Project for Awesome Audience Analysis & Key Messaging

Project for Awesome, an internet based company, audience analysis is tailored to a unique but broad audience. Project for Awesome has a three step process in which it carries out its campaign, so in turn the audience is gained in three steps as well.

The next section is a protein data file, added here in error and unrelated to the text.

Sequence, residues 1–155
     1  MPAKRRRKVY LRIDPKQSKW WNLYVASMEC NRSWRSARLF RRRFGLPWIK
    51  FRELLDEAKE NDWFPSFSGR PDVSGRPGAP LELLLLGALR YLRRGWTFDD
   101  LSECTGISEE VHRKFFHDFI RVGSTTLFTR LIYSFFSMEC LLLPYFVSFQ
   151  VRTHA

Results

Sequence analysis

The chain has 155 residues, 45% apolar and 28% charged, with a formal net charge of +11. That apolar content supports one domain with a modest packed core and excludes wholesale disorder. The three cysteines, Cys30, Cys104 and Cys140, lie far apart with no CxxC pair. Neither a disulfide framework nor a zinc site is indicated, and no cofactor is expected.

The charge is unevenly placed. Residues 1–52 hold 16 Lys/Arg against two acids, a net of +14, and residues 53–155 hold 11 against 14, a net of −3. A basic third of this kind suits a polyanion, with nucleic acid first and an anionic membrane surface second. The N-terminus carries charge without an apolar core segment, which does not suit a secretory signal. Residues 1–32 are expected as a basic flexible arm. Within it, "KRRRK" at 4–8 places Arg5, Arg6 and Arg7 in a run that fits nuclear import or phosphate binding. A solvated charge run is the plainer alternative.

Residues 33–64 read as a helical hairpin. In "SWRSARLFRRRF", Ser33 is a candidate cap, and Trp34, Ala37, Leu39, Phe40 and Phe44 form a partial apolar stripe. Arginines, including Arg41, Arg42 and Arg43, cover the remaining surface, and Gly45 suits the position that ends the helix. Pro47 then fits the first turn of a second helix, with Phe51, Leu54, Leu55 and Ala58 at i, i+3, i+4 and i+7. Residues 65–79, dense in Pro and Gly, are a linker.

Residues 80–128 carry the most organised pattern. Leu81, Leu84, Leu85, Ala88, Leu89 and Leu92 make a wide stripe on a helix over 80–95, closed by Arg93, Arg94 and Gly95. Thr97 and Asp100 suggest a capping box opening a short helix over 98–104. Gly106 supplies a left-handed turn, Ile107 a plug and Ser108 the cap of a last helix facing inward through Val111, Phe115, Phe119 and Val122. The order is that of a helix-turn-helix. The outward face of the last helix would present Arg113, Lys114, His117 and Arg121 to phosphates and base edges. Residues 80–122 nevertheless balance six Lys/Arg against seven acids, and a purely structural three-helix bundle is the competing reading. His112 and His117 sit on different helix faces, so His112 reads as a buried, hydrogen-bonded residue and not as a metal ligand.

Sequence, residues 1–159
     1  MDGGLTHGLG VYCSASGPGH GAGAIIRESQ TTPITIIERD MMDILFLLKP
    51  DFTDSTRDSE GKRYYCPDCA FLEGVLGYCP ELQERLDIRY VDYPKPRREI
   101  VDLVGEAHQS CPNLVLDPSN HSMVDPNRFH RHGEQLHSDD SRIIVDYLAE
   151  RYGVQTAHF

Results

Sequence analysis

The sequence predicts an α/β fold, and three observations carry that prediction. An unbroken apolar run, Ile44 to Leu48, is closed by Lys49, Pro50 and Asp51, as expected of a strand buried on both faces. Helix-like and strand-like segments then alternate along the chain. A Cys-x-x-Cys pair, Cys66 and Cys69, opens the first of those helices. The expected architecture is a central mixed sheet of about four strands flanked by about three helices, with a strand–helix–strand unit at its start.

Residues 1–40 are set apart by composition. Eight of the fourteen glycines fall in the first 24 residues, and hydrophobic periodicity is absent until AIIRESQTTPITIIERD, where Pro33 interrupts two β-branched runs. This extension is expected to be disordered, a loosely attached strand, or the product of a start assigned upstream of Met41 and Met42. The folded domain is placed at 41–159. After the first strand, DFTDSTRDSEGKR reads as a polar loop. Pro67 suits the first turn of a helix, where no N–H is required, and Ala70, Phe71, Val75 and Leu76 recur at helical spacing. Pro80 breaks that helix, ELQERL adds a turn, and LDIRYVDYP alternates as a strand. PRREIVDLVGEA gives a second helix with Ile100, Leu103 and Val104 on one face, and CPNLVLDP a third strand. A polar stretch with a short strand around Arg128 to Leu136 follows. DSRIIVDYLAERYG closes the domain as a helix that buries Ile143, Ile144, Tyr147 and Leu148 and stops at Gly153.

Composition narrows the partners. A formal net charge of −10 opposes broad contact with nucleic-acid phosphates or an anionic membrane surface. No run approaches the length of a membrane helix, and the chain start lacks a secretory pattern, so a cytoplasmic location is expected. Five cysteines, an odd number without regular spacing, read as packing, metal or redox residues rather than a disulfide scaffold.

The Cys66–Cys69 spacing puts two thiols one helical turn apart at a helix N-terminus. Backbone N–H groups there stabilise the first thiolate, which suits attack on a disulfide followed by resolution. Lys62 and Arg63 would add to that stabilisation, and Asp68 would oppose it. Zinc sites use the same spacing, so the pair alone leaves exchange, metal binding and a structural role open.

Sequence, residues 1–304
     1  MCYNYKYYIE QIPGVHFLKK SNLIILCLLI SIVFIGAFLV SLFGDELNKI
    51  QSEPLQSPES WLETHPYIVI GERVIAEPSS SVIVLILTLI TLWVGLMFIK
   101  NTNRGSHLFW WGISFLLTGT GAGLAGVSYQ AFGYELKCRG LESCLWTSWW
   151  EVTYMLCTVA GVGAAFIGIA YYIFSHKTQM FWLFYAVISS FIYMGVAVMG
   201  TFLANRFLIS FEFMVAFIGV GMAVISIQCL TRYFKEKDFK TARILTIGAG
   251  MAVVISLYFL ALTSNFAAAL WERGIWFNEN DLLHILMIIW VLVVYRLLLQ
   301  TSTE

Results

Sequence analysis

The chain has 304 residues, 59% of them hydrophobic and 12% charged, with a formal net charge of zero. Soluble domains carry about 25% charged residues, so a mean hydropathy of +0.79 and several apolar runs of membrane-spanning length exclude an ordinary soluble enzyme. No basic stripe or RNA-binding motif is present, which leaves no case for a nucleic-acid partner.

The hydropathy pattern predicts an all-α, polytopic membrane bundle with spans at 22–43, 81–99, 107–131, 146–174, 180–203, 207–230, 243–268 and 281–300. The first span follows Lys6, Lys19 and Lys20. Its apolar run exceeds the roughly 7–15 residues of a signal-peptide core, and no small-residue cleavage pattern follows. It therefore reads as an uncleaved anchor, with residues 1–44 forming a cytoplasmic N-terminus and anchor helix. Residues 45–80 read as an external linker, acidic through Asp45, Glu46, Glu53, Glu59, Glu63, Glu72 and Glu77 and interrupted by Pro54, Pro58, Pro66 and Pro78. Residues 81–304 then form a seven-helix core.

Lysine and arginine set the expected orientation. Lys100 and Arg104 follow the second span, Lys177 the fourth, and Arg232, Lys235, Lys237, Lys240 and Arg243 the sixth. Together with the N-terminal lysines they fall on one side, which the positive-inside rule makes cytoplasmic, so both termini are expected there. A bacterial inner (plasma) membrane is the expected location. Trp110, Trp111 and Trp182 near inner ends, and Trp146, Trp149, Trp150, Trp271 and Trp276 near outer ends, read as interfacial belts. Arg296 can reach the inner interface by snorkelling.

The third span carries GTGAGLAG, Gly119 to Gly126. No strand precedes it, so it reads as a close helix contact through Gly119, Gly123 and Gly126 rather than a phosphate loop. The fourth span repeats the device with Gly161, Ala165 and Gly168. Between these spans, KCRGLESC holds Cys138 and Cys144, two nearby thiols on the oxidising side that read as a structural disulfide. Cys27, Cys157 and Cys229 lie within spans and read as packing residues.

The first step is described by Project for Awesome as “community members from around the world make videos about a charity that is particularly meaningful for them. These are uploaded to the organizations website, but also should be shared around the internet and viewed, discussed, commented upon, etc.”. So, when doing an initial analysis one would think this step would be general but when taking a closer look at the typical YouTube demographic it can be narrowed down a bit. When looking at a the top content creators it is typically a millennial who posts on a consistent and frequent videos. While the top 10 include mostly males, the majority of creators are female. The typical content creator is not the only thing that needs consideration, it should also be taken into accounts that are willing and able to post for various charities. So narrowing it down from all members of YouTube to a more sizable and realistic group of people who are more likely to participate is a key element to identifying the audience for the campaign in its first stage.